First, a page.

The name sucks: ChatGPT. Despite this, ChatGPT caught on. In January 2023, this artificial intelligence capable of processing texts reached 100 million users. Not bad for a tool that officially launched on November 30, 2022. It’s hard to think of another platform on the internet that managed to reach 100 million users in just over a month of launch.
For those unfamiliar, ChatGPT is capable of answering questions, chatting, telling stories and jokes, organizing and summarizing texts, writing video scripts, essays, and so on. He has been trained with much of the human knowledge available online until 2021 and is able to speak fluently from football to technical or academic topics.
With so many capabilities, the question that has been asked by many people is: how to use ChatGPT in practice? The key point to answer this question is the so-called “prompt”, or in other words, the question that is formulated for the platform. ChatGPT is inert until the user enters some text, question or statement to provoke it. The quality of the answer directly depends on the quality of the question.
Obvious questions will generate obvious answers. So much so that companies specializing in creating and selling “prompts” for artificial intelligence platforms such as ChatGPT are emerging. The consequence is that the art of writing “prompts” is becoming a new form of programming. More accessible to people without technical knowledge, it is true, but equally complex if the idea is to generate complex results when interacting with an artificial intelligence.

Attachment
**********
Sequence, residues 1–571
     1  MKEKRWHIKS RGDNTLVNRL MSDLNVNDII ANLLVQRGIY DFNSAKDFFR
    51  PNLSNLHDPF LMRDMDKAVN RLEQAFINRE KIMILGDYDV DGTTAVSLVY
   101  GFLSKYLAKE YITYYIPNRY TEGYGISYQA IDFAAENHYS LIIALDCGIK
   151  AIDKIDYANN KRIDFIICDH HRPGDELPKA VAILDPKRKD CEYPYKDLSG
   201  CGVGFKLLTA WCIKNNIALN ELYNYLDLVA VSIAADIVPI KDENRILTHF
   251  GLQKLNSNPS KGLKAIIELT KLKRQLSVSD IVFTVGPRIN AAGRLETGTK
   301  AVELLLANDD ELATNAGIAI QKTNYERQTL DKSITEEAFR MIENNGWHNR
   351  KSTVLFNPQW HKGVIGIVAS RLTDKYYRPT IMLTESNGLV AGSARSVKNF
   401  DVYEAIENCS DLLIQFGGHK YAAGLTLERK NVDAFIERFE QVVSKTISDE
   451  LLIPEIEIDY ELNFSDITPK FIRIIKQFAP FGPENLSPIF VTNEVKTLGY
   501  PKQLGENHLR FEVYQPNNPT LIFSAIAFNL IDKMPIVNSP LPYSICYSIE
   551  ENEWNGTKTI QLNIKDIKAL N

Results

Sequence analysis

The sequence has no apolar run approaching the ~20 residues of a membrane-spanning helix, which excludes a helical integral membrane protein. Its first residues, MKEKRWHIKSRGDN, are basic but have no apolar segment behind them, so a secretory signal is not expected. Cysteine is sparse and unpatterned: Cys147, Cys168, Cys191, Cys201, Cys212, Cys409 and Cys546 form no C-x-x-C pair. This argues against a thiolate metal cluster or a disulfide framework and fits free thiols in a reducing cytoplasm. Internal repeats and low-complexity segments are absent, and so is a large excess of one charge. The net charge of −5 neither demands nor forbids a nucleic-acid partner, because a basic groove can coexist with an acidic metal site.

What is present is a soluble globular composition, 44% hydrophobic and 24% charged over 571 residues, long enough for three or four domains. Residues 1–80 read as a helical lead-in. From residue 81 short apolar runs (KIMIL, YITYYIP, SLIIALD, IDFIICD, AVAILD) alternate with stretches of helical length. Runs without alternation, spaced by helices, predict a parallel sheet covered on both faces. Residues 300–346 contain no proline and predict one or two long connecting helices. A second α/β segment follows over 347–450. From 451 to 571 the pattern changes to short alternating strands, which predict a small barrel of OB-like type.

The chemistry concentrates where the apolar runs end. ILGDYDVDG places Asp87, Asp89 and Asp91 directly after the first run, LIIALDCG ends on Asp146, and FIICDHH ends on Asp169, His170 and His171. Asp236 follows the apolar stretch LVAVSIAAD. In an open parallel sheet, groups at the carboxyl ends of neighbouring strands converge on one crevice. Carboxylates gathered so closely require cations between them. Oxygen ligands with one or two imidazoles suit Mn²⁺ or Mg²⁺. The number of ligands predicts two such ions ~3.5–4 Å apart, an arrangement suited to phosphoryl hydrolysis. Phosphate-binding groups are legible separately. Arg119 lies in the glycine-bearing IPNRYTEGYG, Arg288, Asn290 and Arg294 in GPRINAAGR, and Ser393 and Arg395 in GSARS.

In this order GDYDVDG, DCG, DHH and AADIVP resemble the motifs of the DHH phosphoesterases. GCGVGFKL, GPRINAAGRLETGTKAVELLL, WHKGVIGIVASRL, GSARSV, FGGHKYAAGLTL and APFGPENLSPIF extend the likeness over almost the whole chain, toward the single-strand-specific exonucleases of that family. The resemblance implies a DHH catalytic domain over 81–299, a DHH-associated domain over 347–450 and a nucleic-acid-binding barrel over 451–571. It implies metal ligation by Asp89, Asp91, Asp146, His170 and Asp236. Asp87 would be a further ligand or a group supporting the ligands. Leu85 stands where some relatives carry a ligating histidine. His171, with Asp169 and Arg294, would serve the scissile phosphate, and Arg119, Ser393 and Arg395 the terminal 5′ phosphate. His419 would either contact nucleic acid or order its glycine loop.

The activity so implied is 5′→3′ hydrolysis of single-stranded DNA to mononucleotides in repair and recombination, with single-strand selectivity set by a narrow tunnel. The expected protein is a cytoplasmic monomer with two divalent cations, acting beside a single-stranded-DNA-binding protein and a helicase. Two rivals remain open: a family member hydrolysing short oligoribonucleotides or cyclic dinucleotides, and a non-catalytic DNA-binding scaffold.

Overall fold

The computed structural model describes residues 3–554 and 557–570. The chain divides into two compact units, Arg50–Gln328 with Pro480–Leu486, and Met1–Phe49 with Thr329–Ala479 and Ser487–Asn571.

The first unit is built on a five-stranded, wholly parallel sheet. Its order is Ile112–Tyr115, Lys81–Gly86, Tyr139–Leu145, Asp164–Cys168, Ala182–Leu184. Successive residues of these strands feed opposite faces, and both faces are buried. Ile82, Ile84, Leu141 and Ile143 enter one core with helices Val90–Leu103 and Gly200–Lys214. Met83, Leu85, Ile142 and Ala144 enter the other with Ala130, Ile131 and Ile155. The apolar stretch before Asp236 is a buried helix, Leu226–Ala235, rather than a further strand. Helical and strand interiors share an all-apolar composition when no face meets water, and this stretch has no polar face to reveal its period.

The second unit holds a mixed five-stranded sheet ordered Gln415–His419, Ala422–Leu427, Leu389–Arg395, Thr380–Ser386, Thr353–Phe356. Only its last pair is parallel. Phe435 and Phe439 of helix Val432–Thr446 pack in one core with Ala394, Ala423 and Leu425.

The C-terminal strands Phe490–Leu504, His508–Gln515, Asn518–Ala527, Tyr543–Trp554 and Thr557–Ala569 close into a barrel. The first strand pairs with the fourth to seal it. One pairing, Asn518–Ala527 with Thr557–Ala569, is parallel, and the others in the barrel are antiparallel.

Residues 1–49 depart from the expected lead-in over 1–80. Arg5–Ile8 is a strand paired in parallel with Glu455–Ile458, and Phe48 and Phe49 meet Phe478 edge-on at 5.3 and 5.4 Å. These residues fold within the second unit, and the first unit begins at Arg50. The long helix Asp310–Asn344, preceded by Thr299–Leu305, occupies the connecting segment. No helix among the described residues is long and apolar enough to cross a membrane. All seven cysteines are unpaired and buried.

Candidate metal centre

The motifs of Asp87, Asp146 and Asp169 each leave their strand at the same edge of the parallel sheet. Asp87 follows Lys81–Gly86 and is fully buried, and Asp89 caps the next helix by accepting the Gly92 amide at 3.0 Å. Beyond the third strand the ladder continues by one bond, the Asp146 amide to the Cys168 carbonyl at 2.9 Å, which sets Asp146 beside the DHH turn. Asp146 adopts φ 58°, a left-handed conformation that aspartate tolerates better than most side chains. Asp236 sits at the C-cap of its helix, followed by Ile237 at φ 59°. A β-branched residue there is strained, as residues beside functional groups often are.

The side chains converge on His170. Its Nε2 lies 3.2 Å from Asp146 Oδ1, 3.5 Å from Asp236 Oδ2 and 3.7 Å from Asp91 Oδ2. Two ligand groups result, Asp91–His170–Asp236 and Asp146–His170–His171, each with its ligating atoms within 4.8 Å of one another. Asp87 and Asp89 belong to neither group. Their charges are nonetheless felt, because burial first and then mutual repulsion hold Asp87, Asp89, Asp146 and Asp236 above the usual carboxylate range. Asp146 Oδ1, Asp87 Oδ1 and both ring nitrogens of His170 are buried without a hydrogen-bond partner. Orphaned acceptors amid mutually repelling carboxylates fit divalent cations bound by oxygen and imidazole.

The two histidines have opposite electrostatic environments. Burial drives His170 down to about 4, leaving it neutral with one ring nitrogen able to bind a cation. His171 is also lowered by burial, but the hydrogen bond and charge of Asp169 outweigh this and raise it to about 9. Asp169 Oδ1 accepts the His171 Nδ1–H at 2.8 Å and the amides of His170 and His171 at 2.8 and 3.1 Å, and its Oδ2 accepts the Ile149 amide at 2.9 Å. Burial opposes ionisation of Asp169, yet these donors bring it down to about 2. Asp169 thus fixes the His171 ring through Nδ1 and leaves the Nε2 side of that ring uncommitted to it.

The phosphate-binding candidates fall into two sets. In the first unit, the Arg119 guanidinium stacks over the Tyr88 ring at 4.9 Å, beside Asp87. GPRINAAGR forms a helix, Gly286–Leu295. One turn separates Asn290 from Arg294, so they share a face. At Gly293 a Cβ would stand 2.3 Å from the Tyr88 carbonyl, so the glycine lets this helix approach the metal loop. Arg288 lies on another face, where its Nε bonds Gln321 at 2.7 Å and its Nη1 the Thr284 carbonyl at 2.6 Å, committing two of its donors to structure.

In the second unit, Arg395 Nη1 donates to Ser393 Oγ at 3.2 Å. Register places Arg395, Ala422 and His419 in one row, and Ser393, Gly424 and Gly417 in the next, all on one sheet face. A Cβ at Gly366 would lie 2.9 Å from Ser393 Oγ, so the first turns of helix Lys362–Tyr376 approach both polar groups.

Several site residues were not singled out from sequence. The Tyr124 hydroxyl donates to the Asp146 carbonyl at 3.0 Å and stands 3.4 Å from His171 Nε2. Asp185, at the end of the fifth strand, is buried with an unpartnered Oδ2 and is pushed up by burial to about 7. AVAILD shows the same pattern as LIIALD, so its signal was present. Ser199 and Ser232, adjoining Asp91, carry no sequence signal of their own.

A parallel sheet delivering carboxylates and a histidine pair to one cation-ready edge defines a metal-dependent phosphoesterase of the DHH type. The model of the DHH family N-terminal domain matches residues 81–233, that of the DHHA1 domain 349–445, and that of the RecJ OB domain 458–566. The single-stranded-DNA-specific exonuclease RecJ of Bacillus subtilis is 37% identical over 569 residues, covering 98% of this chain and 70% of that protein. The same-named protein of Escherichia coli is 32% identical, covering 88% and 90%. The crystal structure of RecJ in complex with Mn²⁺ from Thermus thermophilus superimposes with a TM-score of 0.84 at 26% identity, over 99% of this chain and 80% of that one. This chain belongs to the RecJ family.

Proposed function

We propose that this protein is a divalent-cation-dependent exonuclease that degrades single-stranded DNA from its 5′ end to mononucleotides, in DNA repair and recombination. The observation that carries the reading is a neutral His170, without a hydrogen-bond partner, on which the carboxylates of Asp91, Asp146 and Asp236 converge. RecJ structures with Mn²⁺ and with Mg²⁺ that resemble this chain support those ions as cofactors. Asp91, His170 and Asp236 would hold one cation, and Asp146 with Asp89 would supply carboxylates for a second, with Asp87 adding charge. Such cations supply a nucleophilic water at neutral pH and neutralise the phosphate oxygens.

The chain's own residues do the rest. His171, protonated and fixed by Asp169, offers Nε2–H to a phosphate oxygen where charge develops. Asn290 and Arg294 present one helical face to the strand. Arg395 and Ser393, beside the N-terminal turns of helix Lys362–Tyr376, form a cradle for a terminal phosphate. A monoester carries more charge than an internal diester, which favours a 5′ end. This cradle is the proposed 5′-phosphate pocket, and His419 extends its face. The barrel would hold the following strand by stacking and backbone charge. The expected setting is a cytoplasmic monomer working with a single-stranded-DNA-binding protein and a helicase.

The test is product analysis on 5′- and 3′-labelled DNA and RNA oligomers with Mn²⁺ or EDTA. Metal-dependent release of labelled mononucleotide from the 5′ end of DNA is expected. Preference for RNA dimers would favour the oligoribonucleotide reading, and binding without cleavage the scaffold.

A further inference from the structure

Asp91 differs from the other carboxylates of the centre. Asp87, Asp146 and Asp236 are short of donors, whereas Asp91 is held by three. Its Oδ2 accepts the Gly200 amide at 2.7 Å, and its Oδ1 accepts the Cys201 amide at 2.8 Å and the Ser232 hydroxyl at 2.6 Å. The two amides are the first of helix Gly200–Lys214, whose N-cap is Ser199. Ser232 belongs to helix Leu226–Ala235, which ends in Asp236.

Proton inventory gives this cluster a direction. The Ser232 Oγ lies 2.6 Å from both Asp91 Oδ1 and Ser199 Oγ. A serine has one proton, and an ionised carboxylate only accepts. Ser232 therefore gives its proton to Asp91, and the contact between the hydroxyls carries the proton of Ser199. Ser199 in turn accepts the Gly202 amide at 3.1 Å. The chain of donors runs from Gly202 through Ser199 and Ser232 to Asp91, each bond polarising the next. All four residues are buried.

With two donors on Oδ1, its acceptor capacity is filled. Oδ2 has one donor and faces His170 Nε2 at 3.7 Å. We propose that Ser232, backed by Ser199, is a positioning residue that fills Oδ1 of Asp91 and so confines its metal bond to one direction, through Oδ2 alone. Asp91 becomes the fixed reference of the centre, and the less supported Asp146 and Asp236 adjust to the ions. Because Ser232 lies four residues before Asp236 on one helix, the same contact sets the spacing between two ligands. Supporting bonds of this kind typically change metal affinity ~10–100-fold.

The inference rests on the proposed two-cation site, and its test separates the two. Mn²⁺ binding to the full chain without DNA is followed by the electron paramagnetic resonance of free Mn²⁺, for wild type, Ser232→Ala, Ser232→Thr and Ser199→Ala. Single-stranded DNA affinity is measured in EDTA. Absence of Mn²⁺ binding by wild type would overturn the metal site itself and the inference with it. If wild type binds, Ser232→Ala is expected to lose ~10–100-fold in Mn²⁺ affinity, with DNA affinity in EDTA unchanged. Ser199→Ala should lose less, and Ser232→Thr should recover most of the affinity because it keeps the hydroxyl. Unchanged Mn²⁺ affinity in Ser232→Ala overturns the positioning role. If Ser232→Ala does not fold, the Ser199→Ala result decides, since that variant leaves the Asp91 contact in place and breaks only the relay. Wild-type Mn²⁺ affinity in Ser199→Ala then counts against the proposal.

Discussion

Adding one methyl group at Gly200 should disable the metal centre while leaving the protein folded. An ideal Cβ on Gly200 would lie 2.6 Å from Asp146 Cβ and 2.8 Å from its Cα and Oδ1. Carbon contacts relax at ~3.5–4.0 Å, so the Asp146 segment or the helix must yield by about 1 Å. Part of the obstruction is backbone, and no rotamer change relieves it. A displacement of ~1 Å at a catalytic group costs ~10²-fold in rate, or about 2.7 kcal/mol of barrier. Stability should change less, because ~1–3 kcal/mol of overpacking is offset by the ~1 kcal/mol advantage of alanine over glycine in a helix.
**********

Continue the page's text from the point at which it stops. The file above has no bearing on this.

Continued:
One of the speculations is that ChatGPT is a threat to academic work. That’s because students can easily answer tests and do academic work with ChatGPT. He is the perfect glue, the Saint Expedite of the lazy. As a teacher I adopted an opposite stance. In my class at Schwarzman College the use of ChatGPT is mandatory. All jobs MUST be done by him. However, the grade will be given by the quality of the “prompts” that the students made to arrive at the result. In other words, I will grade the quality of the questions, not the answer.
The art of making a prompt good isn’t simple. First, it is worth remembering that ChatGPT also works for mathematics and programming. In these fields its usefulness is undeniable. For example, a programmer can use the platform to find errors in code, or ask the platform to rewrite the code in a shorter way. In the field of humanities, a tip is to write more complex prompts, using parameters. For example, instead of asking a simple question, ask a qualified one as follows: “Topic: Brazilian foreign policy; Context: Academic work; Demand: Write work structure; Language: Academic; Tone: Formal”.
You can play around with the parameters and get totally different results. For example, I wrote the following prompt: “Topic: Brazilian foreign policy; Context: TV show; Demand: Write a joke; Language: Informal; Tone: Comedy”. The result was: “Why does Brazilian foreign policy always look like a game of chess? Because there is always some country playing with Brazil as a pawn”. Sleep with this one.
It’s over – Use only Google for search
Already – use ChatGPT for search
It’s coming – use TikTok for search
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